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Economy in Brief

U.S. Initial Unemployment Claims Continue to Fall
by Sandy Batten  May 13, 2020

• Initial claims fall to another pandemic low.

• State continuing claims and insured unemployment rate edged down.

• PUA and PEUC continuing claims rose.

Initial claims for unemployment insurance declined to 473,000 in the week ended May 8 from an upwardly revised 507,000 in the previous week (initially 498,000). The Action Economics Forecast Survey panel expected 500,000 new claims. The latest week's figure represents a new low since the start of the pandemic in March 2020, but it remains well above pre-pandemic levels. The 4-week moving average fell to 534,000 in the week ended May 8, also a pandemic low, from 562,250 in the previous week.

Initial claims for the federal Pandemic Unemployment Assistance (PUA) program rose to 103,571 in the week ended May 8 from a slightly upwardly revised 101,815 (initially 101,214) in the previous week. The PUA program provides benefits to individuals, such as the self-employed, who are not eligible for normal state unemployment insurance benefits. Given the brief history of this program, these and other COVID-related series are not seasonally adjusted.

Continuing claims for regular state unemployment insurance slipped to 3.655 million in the week ended May 1 from 3.700 million the previous week. The state insured rate of unemployment edged down to 2.6% in the week ended May 1 from 2.7% the previous week, the lowest level since the pandemic started. It reached 15.9% in May 2020.

Continuing PUA rose in the week ended April 24, the first increase in three weeks, to 7.284 million from 6.863 million in the prior week. Also in the April 24 week, the number receiving Pandemic Emergency Unemployment Compensation (PEUC) increased to 5.265 million from 4.973 million, which was the lowest level since the second week of February. This program covers people who have exhausted their state benefits.

The total number of all state, federal, and PUA and PEUC continuing claims rose 696,152 to 16,855,264 in the week ended April 24. This compares with a total of 21,863,056 in the comparable week in 2020. This grand total is not seasonally adjusted.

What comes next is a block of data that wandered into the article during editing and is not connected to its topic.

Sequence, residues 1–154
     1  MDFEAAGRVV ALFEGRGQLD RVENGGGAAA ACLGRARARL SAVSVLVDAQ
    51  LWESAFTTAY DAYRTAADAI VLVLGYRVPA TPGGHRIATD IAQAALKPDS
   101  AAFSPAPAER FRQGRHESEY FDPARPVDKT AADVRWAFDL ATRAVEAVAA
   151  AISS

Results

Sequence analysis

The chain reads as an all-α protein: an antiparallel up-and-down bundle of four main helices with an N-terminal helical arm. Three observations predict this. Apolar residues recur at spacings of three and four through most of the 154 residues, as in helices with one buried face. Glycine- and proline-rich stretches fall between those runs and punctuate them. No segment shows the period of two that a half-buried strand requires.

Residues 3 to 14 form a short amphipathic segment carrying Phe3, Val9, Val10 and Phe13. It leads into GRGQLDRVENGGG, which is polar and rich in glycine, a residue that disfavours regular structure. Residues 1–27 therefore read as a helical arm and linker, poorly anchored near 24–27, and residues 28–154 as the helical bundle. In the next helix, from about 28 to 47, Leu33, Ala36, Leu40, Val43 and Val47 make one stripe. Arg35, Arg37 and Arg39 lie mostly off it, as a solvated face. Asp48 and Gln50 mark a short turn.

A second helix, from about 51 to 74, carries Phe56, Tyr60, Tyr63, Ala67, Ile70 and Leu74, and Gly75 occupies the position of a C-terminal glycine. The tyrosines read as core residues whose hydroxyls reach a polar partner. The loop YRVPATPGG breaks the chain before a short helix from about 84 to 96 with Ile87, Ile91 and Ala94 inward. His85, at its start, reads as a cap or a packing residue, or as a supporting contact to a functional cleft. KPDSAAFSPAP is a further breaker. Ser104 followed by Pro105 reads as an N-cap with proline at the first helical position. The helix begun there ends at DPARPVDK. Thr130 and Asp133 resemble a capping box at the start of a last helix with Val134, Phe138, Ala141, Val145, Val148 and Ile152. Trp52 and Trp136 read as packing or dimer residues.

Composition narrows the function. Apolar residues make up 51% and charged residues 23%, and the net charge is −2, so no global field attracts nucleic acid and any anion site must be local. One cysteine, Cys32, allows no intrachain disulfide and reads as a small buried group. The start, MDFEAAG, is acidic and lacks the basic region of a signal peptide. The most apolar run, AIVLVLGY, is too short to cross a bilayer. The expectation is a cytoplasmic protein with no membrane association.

The state insured rates of unemployment continued to vary widely. In the week ending April 24, the highest insured unemployment rates were in Nevada (6.41%), Connecticut (4.89%), Rhode Island (4.61%), Alaska (4.51%) and Vermont (4.47%). The lowest rates were in Kansas (0.65%), South Dakota (0.79%), Nebraska (0.90%), Utah (0.93%) and Alabama (0.97%). Insured unemployment rates in other large states included New York (4.24%), California (3.54%), Texas (2.09%) and Florida (1.51%). These state rates are not seasonally adjusted.

Data on weekly unemployment claims going back to 1967 are contained in Haver's WEEKLY database, and they are summarized monthly in USECON. Data for individual states are in REGIONW. The expectations figure is from the Action Economics Forecast Survey, carried in the AS1REPNA database.

Unemployment Insurance (SA, 000s) 05/08/21 05/01/21 04/24/21 Y/Y % 2020 2019 2018
Initial Claims 473 507 590 -79.6 1352 218 220
Initial Claims (NSA) 487 514 612 -79.1 1,353 218 221
Initial Claims Pandemic Unemployment Assistance (NSA) 104 102 121 -88.4 -- -- --
Continuing Claims -- 3,655 3,700 -82.4 10,380 1,699 1,754
Continuing Claims (NSA) -- 3,710 3,796 -82.2 10,370 1,704 1,763
Continuing Claims Pandemic Unemployment Assistance (NSA) -- -- 7,284 -- -- -- --
Insured Unemployment Rate (%) -- 2.6 2.7

(May 2020)

7.1 1.2 1.2
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